The use of UV in water purification has been well established for many years (I personally worked for a company that manufactured these systems in 1993!) UV-C in particular is a known germicidal, yet leaves no chemical residue. By managing the balance between UV-A, UV-B and UV-C, and controlling the dose to minimize the cellular damage discussed earlier, this can be extended to food preservation, enabling chemical-free spoilage control. It can also be an effective tool in preventing the kinds of food-borne illnesses often associated with fresh produce due to their field-to-table pathway.
The proper balance of UV can also be used to disinfect devices and surfaces used in the manufacturing and packaging of foods and pharmaceuticals – again, without the use of harmful chemicals. This can help to control cross-contamination, which is often associated with handling, washing, etc.
UV-A and UV-B are essential to the proper development of plant life. In fact, most grow lights extend their spectral range down into the UV bands to supply this necessary input to indoor growing environments. Recent developments in UV generation and control technology that enhance the development of plants mean that we can grow food safely and efficiently in a controlled environment, where the water and the air can also be cleansed of contaminants through UV technology. Nowhere is this more apparent than in the exploding cannabis industry where controlling cleanliness to pharmaceutical levels is essential for medical applications. In fact, the combination of growth enhancement and germicidal control (to suppress powdery mold – a common problem with cannabis) can produce a safer, more predictable and reliable crop.
Should I Care?
From the descriptions above it is probably clear that UV technology, though you may never have even heard of it, touches many parts of our lives. It may even seem like a “wonder solution”. Still, as with every good technology, we can find downsides and cautionary tales.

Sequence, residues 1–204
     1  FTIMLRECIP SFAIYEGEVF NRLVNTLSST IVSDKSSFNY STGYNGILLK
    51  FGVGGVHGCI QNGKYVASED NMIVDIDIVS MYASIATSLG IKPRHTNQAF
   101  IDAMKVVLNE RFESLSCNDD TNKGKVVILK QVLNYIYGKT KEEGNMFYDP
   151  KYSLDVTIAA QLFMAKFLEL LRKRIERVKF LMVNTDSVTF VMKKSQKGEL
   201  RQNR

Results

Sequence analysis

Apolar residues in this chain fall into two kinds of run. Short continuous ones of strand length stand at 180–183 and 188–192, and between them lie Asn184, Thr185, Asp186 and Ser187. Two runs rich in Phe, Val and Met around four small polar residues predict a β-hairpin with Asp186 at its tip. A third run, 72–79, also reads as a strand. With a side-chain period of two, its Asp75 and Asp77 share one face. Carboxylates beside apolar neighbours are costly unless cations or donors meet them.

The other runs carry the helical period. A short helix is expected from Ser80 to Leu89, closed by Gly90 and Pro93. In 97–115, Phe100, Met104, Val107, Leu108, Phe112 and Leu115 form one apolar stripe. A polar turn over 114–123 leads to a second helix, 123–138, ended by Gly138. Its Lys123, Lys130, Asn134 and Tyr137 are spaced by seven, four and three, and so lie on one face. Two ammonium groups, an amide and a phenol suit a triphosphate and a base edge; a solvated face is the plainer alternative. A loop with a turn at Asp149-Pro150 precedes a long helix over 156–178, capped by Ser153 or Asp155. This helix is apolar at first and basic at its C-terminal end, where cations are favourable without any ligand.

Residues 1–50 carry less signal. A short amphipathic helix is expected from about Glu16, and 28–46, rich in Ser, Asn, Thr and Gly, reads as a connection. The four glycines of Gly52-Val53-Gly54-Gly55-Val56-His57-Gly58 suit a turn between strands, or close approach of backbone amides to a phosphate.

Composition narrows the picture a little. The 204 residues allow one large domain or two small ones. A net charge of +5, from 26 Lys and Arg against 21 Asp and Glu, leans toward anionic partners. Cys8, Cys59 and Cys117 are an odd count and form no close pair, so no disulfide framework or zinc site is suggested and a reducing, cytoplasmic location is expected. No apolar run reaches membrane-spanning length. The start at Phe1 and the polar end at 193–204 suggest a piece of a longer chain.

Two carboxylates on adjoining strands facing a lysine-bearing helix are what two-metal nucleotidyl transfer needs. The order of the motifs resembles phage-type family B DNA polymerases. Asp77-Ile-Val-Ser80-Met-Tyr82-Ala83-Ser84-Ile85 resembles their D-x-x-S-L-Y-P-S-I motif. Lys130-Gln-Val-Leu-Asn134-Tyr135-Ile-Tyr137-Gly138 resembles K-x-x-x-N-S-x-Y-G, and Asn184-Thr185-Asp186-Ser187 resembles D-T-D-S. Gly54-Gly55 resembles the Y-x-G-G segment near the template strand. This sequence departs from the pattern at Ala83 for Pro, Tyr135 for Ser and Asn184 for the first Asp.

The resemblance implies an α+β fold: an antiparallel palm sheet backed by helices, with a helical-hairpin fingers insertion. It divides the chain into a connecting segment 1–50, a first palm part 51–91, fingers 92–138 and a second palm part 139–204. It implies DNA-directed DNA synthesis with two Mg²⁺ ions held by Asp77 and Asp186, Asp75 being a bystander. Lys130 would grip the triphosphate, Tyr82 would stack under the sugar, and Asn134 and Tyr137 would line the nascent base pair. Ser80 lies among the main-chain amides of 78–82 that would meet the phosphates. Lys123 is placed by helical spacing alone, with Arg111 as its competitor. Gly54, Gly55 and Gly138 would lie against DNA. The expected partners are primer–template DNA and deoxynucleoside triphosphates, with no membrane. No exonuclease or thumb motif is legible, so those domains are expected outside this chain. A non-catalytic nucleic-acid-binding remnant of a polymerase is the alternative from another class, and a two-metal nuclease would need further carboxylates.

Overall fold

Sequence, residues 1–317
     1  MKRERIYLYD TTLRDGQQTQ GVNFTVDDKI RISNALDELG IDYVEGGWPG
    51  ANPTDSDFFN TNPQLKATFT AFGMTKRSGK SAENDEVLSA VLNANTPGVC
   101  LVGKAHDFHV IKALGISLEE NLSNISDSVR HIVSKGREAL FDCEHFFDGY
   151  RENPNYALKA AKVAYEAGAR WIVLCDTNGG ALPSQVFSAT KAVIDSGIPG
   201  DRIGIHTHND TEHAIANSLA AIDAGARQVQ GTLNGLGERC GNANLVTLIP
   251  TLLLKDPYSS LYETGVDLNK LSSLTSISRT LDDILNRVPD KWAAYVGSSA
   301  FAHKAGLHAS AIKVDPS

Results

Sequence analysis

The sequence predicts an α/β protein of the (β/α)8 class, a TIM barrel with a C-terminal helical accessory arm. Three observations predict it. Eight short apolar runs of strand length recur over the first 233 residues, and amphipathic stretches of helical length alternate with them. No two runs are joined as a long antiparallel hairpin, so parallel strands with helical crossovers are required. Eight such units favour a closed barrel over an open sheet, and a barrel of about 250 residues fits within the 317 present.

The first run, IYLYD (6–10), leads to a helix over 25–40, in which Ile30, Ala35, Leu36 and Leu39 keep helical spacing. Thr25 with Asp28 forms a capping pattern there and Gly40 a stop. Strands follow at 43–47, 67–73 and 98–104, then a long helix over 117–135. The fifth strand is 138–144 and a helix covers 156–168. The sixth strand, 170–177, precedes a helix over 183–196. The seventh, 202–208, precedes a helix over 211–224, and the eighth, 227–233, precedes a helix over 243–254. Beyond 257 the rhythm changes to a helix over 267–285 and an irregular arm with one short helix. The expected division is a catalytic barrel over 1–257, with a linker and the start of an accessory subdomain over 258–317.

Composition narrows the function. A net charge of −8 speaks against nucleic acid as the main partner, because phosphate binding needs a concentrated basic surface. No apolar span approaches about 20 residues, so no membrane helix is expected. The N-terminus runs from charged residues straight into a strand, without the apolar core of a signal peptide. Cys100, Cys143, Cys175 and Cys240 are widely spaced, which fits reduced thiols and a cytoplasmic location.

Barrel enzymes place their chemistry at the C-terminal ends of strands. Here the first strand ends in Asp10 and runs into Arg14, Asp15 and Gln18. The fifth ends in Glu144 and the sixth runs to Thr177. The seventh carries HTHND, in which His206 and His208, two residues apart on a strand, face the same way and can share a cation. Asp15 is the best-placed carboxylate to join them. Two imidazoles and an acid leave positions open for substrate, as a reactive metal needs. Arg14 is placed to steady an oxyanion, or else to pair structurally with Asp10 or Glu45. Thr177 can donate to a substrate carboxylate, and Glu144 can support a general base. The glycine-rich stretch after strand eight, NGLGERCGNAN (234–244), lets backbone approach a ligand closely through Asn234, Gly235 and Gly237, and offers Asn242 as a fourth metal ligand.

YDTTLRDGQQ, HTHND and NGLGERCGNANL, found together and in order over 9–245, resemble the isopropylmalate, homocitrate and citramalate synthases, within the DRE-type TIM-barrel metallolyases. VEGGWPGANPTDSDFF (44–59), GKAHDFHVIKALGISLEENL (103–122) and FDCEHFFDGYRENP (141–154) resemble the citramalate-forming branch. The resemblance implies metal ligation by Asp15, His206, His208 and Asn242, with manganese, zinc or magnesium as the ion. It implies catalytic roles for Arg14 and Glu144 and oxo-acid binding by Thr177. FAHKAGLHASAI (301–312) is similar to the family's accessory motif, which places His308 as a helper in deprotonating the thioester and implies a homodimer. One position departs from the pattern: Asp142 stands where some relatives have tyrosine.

We are all aware of the fact that UV exposure sensitizes the skin and can cause cellular damage (three members of my family have had bouts with skin cancer which were attributed to sun exposure). The chemicals used to create UV curable coatings, adhesives, 3D building stock, etc. are no different. Therefore, the lights and the chemicals require proper handling by those familiar with their proper use and safeguards.
While this is often raised a reason that this technology is “dangerous”, I would suggest that this is a proverbial “red-herring”. These present far less of a concern than chemicals that we use with impunity every day, like gasoline or cleaning compounds. For instance, have you ever mixed bleach, or a cleaner containing bleach and ammonia or a window cleaner, containing ammonia? These common household cleaners, probably in each of our homes, create chloramine gas when mixed. The bottom line is that all of these chemicals require some common sense in their use.
When used properly, UV technologies have the potential to reduce or even eliminate the use of ozone depleting solvents in coating operations. Reduce waste in the textile and fashion industries. Improve our medical care. It can even improve our food supply by enhancing growth and increasing the yield, killing harmful bacteria, and preserving our foodstock – all without the use of harmful chemicals!
When the benefits and detriments are fairly evaluated, this technology is far too advantageous to ignore.